Friday, August 22, 2008

Grammatical Errors Do Not Make Me Want to Vote For You

On Tuesday, San Diego County will be holding an election to issue a bond to rebuild a nearby hospital. The official argument against the proposition contains blatant grammatical errors, typos, and misspellings a competent editor should have caught. A hint to people writing arguments for voter information pamphlets: typos don't make your arguments look well-reasoned, especially when part of your argument is an appeal to authority. It helps when your arguments are well-reasoned, but I suspect that a good copy-editor is easier to find than a philosopher.

And because this post contains a complaint about someone's grammar and competence as an editor, it's sure to contain at least one trivial mistake a competent editor should have caught. So I'll just go ahead and admit to being a poor editor and apologize for any typos and grammatical errors in advance. Finding them will be left as an exercise for the reader.


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Monday, August 18, 2008

Unintentionally Funny

I found a bit of humor in part of PBS's summary of the recent Forum on Civil Leadership and Compassion. I don't think they meant it to be funny, but it got a chuckle out of me:

RICK WARREN, Founder, Saddleback Church:

Forty million abortions. At what point does a baby get human rights, in your view?

SEN. BARACK OBAMA (D), Illinois:

Well, you know, I think that whether you're looking at it from a theological perspective or a scientific perspective, answering that question with specificity, you know, is above my pay grade.

One thing that I'm absolutely convinced of is that there is a moral and ethical element to this issue. And so I think anybody who tries to deny the moral difficulties and gravity of the abortion issue, I think, is not paying attention.


At what point is a baby entitled to human rights?

SEN. JOHN MCCAIN (R), Arizona:

At the moment of conception.

By the way, I thought the format for the discussion was excellent. Each candidate was asked the same set of questions (which they didn't have access to in advance), and neither candidate could listen to their opponent's answers. It actually resulted in the candidates getting equal time to talk about their positions instead of slam each other the whole time. Were that all debates done in this format. You could even extend it by having each candidate submit 10 questions to be asked to their opponent, which the opponent would have to answer in addition to the standard set. Perhaps even put the candidates in sound-proof booths a la Twenty-One.

One other bit of humor/irony I gleaned from listing to the video: McCain's pretty much won the Evangelical Christian vote by default. But of the two candidates, Obama's the only one who actually sounds like he's given any thought to his faith. Whether that's simply because he's a better speaker, because 10% of Americans thought he was Muslim, or because it's true I don't know and won't speculate on. I just find it funny.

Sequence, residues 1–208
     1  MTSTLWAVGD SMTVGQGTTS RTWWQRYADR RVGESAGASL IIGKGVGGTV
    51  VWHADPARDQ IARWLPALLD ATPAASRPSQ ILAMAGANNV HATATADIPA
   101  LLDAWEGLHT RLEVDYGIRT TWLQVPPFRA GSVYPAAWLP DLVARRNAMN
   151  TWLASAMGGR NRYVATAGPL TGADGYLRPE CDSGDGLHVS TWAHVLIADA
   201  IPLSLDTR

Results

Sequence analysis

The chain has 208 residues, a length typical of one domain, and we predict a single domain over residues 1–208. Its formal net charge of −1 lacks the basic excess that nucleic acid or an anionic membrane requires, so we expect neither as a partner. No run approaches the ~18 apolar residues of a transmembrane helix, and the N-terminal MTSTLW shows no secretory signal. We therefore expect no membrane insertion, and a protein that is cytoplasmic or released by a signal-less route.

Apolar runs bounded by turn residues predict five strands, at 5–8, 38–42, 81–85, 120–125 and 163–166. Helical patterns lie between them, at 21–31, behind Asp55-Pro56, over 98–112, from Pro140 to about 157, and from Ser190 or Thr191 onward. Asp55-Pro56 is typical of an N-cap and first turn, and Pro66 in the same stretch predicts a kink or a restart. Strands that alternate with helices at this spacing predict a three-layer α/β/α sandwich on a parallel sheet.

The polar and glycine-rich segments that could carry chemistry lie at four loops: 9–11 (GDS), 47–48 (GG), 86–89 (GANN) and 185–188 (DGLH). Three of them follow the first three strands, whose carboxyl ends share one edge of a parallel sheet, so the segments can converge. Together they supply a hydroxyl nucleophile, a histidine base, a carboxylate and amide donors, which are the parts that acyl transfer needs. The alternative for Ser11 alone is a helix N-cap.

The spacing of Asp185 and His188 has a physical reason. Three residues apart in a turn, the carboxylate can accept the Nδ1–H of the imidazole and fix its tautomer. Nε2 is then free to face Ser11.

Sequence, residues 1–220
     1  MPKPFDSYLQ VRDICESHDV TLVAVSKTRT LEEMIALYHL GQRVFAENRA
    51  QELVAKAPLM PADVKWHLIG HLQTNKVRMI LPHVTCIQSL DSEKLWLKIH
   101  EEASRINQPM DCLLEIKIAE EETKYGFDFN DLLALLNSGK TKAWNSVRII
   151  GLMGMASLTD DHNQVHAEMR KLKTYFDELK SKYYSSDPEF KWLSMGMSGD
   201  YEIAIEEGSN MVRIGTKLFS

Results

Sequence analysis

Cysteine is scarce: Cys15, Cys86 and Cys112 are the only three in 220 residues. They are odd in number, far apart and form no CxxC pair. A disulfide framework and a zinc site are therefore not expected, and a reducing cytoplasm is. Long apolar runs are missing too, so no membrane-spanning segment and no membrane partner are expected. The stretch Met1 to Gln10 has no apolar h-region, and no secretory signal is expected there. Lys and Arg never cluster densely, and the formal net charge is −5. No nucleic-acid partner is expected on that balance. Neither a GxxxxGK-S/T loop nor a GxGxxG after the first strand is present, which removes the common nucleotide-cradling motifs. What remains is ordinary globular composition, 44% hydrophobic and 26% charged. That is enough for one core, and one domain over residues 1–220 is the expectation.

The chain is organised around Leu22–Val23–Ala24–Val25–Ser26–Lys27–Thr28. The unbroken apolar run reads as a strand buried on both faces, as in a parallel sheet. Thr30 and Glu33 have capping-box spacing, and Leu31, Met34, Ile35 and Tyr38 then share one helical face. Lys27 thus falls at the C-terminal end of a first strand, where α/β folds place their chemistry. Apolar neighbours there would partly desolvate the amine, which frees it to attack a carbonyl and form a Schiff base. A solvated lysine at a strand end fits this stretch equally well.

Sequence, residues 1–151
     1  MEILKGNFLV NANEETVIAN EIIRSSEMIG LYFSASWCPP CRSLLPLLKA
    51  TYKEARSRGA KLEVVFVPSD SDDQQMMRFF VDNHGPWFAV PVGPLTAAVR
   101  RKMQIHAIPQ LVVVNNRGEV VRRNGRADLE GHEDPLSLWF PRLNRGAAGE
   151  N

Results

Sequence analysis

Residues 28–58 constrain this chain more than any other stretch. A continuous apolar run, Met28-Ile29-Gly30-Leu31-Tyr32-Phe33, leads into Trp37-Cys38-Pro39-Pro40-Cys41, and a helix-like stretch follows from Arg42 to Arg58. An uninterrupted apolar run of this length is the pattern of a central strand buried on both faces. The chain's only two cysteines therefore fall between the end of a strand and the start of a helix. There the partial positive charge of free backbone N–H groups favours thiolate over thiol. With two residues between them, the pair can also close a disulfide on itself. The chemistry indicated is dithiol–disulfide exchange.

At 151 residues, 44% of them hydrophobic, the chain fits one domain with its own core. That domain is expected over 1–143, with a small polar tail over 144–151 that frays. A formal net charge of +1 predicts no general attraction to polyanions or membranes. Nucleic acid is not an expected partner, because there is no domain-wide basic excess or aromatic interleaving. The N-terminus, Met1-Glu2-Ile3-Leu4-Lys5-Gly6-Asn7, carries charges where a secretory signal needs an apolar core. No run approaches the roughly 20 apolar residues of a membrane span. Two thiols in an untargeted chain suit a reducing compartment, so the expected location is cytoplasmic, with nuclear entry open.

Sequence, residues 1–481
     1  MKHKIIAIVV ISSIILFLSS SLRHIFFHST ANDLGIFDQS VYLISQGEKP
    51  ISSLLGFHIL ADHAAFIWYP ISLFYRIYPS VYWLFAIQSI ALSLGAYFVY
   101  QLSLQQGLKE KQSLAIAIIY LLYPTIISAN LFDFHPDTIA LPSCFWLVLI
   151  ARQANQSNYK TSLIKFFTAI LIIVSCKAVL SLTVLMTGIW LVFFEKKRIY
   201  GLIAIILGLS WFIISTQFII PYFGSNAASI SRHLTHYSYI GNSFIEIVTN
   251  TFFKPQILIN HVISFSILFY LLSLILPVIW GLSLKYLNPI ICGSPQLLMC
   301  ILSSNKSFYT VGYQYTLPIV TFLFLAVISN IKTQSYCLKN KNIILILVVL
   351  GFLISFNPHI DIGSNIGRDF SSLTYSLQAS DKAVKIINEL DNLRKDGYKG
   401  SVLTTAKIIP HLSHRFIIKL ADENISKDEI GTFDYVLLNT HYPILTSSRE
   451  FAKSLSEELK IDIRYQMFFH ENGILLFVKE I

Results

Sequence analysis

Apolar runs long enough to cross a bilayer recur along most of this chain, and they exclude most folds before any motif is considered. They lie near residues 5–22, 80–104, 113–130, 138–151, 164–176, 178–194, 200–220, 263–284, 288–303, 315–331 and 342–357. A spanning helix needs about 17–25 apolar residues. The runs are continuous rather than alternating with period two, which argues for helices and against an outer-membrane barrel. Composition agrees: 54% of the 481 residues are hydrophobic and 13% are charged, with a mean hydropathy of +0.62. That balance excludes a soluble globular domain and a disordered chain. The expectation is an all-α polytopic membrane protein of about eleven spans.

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Monday, August 04, 2008

Who Knew People Actually Believed This?

The BBC today had a profile of the Flat Earth Society, a loose association of people who believe the earth is flat. In typical British fashion the article takes an appropriately condescending and incredulous tone. I particularly like the picture of a satellite in orbit with caption If you're a flat-earther, this photo is fake.

Front in center in the article was a Canadian computer scientist espousing his nonsense views on the subject. Apparently no one falls off the edge of the earth because an ice wall in Antarctica completely surrounds the edges, and no one goes to Antarctica. Brilliant.

I'd long known of the Flat Earth Society, though I'd always thought it was a joke. Their arguments are so terrible, surely no one actually believes them. I'm far from an expert in physics, but even I can see the gaping holes in their logic. Putting forth the argument that people would fall off the bottom of a round earth: didn't we figure that out like 400 years ago? I think he also figured out why using grains of sand on a beach ball isn't the best analogy to use when you're talking about the Earth's gravitational pull on things on the surface. Alas, I fear I once again put too much faith in the intelligence of some people. Perhaps someday I'll learn that there's a lot of people in this world that are pretty stupid. And I'll probably learn that by discovering that I too am one of those stupid people.

I'll just close with an excerpt from this gem. Poe's Law, anyone?

The deeper I delved into the sordid underbelly of the Conspiracy, the more resistance and harassment I was met with, which only served to consolidate and solidify my beliefs. One time, I was on my way to collect a package of FE (flat earth) merchandise we had ordered for SWEFES, and a bird just flew out of nowhere and started biting my face! It drew blood, but I managed to get away. It was fairly obvious that it was trained to do this, it was completely unnatural behaviour. There was a guy in a suit and shades standing in a doorway, looking at me and talking into a walkie-talkie thing. As I ran down the street away from the bird, he left his position and quickly walked away into an alley. I don't believe this was actually an assassination attempt, rather just Them trying to scare me away from the whole scene, especially based on precisely what I was on my way to do.


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